Plastic Surgery In Penang

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This June I was lucky enough to spend two weeks with Carl Corrynton Medical centre in Penang, an establishment specialising in aesthetic and cosmetic surgery and the workplace of Dr. Lee Kim Siea, a nationally renown plastic surgeon. Penang is a north-western state of Malaysia, half of which exists as an island, and is where the medical centre was located. I have family on my father’s side that live in Penang who made it a great deal easier for me to get around the island.

My first week at the hospital was spent around general care units, as my intention was simply to learn about the clinical aspects of genetics and biology. Perhaps most noteworthy was the day I spent conversing with a locum doctor about the Malaysian health system, its flaws and peculiarities. This particular doctor had spent two years of his degree in an Indian university. However, upon returning to Malaysia he was to discover that his Malaysian degree was not even recognized in the Indian town he studied in. He lamented that the only place he could work was in Malaysia and that the state tries its utmost to retain their doctors.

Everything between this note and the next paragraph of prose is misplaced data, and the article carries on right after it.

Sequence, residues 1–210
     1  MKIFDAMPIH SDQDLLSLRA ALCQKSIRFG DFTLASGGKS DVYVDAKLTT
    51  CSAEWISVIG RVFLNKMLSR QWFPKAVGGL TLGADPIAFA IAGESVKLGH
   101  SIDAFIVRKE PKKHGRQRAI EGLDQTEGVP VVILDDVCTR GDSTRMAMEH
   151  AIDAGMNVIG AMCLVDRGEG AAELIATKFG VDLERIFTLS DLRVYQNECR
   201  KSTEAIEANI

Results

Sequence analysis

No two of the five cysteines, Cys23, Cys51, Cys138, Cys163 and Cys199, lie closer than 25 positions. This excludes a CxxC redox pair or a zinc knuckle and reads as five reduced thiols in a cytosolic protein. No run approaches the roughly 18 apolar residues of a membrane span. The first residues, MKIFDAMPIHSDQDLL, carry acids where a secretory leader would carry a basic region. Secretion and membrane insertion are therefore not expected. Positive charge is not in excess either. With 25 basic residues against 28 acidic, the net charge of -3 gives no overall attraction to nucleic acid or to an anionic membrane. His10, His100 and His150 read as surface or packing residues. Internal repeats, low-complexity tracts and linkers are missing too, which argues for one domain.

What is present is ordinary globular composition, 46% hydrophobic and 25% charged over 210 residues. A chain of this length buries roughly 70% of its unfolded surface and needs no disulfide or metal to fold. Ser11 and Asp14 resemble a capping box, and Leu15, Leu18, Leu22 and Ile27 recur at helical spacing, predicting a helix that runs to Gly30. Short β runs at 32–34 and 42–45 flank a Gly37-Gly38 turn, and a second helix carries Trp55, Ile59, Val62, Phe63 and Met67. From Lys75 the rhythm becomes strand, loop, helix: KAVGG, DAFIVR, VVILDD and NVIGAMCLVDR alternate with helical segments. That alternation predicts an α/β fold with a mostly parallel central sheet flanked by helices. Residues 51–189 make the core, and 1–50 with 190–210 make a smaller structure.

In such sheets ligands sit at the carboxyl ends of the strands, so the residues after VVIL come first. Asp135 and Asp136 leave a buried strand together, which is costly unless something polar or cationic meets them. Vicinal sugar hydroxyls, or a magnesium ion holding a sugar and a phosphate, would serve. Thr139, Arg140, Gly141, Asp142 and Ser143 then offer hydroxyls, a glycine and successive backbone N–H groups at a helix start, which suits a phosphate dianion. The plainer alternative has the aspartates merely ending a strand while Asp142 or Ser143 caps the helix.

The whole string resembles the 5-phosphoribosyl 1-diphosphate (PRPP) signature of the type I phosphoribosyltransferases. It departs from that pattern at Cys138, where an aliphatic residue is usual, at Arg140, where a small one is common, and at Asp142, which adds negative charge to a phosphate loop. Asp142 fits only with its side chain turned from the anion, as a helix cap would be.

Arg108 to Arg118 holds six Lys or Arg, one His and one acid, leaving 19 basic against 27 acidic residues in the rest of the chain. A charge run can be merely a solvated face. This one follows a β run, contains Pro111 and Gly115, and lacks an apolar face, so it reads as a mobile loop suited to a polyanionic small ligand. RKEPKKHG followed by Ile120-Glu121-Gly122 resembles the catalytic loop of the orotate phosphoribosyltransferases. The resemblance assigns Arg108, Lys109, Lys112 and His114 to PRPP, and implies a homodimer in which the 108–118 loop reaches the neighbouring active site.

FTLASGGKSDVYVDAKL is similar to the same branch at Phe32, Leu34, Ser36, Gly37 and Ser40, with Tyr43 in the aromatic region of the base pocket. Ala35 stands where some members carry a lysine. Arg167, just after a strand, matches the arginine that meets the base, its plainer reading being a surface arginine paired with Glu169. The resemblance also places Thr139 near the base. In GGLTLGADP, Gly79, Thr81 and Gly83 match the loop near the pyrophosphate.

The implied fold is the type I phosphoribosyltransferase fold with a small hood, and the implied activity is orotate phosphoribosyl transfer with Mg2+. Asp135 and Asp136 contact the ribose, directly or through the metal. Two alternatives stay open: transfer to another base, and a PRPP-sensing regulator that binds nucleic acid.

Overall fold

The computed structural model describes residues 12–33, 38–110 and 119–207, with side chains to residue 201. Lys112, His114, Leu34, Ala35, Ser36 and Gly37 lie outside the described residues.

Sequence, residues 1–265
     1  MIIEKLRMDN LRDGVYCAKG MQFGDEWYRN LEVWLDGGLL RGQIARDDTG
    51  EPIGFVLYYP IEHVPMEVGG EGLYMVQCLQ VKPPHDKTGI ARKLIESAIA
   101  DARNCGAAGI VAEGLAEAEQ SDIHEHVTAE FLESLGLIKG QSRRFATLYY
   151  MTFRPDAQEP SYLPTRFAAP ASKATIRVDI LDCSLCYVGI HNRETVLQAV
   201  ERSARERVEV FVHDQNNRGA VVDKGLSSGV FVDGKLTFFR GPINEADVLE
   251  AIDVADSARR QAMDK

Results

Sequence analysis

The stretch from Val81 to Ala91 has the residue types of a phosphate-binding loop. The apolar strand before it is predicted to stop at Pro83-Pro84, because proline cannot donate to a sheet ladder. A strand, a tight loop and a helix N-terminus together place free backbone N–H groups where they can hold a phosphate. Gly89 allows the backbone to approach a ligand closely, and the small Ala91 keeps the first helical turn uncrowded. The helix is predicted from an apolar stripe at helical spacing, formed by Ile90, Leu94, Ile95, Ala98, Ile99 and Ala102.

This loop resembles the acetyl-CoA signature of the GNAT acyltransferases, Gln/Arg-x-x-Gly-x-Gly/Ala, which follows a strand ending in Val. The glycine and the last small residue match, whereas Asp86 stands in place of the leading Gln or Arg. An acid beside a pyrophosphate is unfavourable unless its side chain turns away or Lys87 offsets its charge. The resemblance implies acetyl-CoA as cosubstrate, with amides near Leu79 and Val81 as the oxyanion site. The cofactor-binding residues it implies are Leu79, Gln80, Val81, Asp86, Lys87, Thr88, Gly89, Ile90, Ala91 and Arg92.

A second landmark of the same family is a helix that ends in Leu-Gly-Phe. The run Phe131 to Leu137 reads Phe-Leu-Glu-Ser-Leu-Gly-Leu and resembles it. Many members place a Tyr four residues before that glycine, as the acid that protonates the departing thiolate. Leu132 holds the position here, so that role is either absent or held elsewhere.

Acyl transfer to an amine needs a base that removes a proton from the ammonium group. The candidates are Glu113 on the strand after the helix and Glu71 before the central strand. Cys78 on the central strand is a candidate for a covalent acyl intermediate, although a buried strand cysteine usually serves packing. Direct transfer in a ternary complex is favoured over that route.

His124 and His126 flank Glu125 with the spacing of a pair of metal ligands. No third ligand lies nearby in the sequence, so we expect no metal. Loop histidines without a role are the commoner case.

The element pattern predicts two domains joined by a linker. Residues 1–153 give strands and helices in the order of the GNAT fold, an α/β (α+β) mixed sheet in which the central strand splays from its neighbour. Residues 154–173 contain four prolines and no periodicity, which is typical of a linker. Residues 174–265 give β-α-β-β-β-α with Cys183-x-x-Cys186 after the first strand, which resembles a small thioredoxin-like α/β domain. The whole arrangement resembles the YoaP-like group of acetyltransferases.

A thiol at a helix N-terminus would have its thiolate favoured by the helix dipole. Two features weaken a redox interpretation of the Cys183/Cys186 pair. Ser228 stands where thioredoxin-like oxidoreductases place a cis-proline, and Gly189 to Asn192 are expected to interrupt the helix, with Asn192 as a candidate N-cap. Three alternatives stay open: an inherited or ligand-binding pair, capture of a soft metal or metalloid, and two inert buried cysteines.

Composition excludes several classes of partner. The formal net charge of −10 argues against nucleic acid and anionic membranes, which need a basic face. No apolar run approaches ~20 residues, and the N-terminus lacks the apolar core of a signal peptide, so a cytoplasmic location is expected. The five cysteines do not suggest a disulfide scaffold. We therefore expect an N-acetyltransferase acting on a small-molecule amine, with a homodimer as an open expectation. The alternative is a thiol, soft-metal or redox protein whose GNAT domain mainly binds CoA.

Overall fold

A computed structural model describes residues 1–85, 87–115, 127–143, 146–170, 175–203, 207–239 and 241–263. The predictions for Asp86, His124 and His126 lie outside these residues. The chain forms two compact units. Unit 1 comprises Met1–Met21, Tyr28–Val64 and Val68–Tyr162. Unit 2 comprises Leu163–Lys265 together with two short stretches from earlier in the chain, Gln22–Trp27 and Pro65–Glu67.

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Interesting though this was, the medical centre was quiet and most of the focus seemed centred around the third floor. I became curious and inquired as to what those elevators led to.  My questioning was to result in an invitation to look around and eventually I was permitted to observe some of the procedures performed by the famous doctor.

Dr Lee, assisted by two capable nurses began most operations by marking the patient with a special ink, called methylene blue. The doctor designs and plans his incisions while consulting with the patient and his staff, drawing and gesturing, seamlessly switching between various languages: Malay, English and the numerous Chinese dialects that Malaysia is home to.  I watched a lateral canthoplasty, which involved multiple incisions allowing horizontal lengthening of the eye; numerous botox injections; and fat grafts where fat from one area of a patient was repositioned elsewhere (usually the face).  The first few procedures were a squeamish endeavour but it quickly gave way to fascination. The slicing of skin by hand seemed like such a crude method. The end result however was always far from crude, sewing the skin back together and wiping the area clean transformed a gory situation into a work of art.

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I enjoyed my time at the hospital a great deal; the staff were always very helpful and welcoming. Learning about the different machines and surgery techniques was a really different perspective on biology to the lab work I have been used to. I’d like to thank the Principal’s Go Abroad fund and to Dr. Lee and the staff at Carl Corrynton for helping this experience to become a reality.

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